Plan of the proposed design, oriented so the top part of the map is east. Image from the Kennedy Center.
To connect the Center to the river, a bridge would cross the parkway to the floating pavilion, which would house a cafe and an informal event space. Pedestrians could walk from the Kennedy Center to the trail below, while people walking by could stop in for a show. It's not the grand steps Viñoly's plan imagined, but adding activity to a relatively isolated stretch of the trail might actually be better than building a big bridge that suffocates the trail below.
I think the new building's design would quickly earn it a place among DC's great landmarks. Holl's architecture focuses visitors' attention onto experiences of aspects of the physical world, particularly the ground, sky, water and light. For years, his designs have toyed with how they sit on the ground and how spending time in a particular place changes the one's perception of it. The floating pavilion, with views subject to the tide as much as sunlight, will be a world-class extension of Holl's history.
It's a good project, and it's great that it doesn't get in the way of bigger plans.
An institution can only be as urban as its site.
At the National Capital Planning Commission's December meeting, members criticized the addition for only making a visual connection and nothing more. "It does nothing to tell you that there's an entire city on the other side of that gap," DC's acting director of planning, Ellen McCarthy, said bluntly.
Mina Wright of the US General Services Administration went further, calling the proposal an "opportunity lost to fix some ill-conceived traffic patterns, which will be fixed one day." She brought up her agency's ongoing redesign of the Potomac Hill complex which sits directly across I-66 from the Kennedy Center. To her, the design means giving up on a grander vision and limiting what the GSA can do with its site.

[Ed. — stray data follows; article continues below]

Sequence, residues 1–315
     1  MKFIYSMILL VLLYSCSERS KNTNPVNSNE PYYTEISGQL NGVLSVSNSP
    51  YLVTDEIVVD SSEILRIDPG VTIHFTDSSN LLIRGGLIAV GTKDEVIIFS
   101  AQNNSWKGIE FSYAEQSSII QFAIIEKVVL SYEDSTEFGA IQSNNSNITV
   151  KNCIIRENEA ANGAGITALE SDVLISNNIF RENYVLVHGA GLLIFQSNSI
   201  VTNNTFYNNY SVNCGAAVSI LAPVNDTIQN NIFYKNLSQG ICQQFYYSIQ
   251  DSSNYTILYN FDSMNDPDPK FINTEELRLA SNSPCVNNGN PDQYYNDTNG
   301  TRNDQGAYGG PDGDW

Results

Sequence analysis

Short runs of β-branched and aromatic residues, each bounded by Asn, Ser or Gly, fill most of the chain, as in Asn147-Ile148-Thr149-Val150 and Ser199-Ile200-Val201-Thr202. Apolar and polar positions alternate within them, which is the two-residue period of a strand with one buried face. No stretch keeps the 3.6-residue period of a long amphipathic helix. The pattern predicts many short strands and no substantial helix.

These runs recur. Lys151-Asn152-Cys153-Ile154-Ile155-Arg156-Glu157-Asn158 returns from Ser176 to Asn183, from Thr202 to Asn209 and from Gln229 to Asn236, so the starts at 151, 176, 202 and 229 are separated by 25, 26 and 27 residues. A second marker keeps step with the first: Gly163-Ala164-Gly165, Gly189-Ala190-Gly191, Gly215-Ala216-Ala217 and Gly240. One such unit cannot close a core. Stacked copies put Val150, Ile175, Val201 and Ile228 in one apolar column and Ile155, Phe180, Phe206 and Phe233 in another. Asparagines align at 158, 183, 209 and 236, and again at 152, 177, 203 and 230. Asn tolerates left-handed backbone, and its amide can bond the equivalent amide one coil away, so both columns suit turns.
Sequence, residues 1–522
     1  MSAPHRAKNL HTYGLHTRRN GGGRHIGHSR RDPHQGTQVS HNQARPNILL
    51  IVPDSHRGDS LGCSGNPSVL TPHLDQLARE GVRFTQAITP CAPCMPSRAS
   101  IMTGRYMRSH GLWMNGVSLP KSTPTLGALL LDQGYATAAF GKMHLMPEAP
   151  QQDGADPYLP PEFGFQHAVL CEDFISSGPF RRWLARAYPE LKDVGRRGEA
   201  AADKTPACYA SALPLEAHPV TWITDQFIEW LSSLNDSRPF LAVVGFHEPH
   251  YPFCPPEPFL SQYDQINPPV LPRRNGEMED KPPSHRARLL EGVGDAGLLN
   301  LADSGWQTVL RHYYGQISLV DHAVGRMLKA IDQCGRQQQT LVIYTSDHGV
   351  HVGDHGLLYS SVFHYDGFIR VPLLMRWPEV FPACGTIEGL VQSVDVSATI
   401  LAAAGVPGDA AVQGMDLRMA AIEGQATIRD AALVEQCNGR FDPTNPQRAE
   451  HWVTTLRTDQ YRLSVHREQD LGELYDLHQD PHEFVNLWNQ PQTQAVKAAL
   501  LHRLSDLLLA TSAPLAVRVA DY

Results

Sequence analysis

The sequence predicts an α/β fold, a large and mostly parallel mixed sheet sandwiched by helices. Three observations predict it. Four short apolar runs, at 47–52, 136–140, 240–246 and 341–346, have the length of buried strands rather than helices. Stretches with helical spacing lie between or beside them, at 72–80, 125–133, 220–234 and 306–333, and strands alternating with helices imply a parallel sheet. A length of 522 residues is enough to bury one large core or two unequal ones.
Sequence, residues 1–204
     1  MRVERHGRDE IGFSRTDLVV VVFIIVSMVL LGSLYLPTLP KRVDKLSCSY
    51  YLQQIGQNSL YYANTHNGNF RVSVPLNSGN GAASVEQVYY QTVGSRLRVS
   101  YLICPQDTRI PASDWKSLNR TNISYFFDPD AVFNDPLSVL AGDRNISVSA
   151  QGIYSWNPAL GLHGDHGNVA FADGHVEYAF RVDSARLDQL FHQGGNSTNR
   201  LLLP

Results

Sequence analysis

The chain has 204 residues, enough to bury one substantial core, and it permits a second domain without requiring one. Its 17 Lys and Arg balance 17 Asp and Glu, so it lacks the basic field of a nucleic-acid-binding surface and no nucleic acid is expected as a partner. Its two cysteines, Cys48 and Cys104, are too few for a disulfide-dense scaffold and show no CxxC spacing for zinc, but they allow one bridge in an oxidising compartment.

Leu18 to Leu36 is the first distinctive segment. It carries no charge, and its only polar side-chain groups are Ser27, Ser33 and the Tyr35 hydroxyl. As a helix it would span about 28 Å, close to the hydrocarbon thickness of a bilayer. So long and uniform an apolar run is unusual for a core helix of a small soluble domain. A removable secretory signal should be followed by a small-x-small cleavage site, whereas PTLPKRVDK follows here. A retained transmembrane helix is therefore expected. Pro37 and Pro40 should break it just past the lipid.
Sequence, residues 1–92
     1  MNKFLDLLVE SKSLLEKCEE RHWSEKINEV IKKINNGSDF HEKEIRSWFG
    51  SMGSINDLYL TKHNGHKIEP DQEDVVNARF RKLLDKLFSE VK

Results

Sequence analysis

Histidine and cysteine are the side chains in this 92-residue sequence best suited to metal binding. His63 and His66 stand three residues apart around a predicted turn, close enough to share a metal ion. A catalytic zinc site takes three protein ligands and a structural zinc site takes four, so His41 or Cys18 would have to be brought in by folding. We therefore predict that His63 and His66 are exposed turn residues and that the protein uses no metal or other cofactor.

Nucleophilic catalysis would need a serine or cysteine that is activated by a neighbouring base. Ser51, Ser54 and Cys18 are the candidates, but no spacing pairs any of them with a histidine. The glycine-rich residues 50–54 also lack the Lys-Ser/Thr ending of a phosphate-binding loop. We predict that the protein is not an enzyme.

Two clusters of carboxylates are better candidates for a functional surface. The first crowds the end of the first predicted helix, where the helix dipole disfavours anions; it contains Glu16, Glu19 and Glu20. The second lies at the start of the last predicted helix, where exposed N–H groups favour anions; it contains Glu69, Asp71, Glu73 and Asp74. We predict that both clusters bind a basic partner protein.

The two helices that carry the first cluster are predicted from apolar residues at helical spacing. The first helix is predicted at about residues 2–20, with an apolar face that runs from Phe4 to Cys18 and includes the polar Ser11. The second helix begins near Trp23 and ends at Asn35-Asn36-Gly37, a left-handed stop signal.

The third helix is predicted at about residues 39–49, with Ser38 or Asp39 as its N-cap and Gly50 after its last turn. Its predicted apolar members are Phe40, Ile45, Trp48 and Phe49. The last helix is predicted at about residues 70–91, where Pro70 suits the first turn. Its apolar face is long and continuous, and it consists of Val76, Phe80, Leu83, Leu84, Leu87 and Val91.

I-66 interchange dwarfs DC's biggest buildings and cultural centers. Image from Bing with edits by the author.
But maybe it's wrong to expect the Kennedy Center to put forth a grand vision for the site. The Viñoly plan offered yet another grand plaza, with swooping roads enabled by even more grade separation. It only solved connectivity issues that were within the Kennedy Center complex; it didn't provide ways for the Kennedy Center to be one point in a richer fabric.
Relying on a prestige project to patch up basic infrastructure, whether it's an arts institution or the Olympics, places a lot of trust in an organization that has narrow goals. The design process would never be as inclusive as it could be if it focused on restoring a lost neighborhood.
Repairing the fabric is already the long-term goal, set by NCPC and the Commission of Fine Arts in 2010. The problem is that their plan still assumed a massive deck over a sprawling highway even though the exorbitant costs of a smaller deck sank the last project.
The highway was the problem in 1958, it was the problem in 1971, and it's still the problem. The solution is to replace it with surface streets.
Freeway removal is not the radical idea it was in 2003. There are multiple examples of traffic dissipating into the grid at speeds safer for everyone. That's particularly true if transit substitutes capacity is replaced in a plan like Metro Forward, which would ease Virginia's capacity crunch.
A city-led infill project is the most promising way to put the Kennedy Center back into Washington. There's more potential in the site than just a grand entry. It would give DC a much richer public realm in a neighborhood trying to break out of its beige boxes. The proposed design fits well into a future that corrects the mistakes that got the Kennedy Center stuck on a freeway island.
Holl's watercolor suggests a future bridge across the highway. Can't we do better? Image by the Kennedy Center.
As of last week, rubber parking stops called "Park-Its" now protect a half block segment of the Pennsylvania Avenue bike lanes, between 9th and 10th Streets NW.
The Park-Its are supposed to protect cyclists from drivers making illegal U-turns across Pennsylvania Avenue's bike lanes, which are in the middle of the road.
DDOT crews installed the first Park-Its last week. Workers will add more in the coming days, until Park-Its line the bikeway for the two block stretch from 9th to 11th.
Full installation of Park-Its all along Pennsylvania Avenue could eventually happen, but for now DDOT hopes to determine if this initial installation works. According to DDOT's Darren Buck, the Park-Its on 1st Street NE sometimes pull up out of the pavement.
Park-Its succeed the zebras that DDOT installed in 2013, but which proved only partially effective. For now, the zebras between 12th and 13th Streets will remain in place.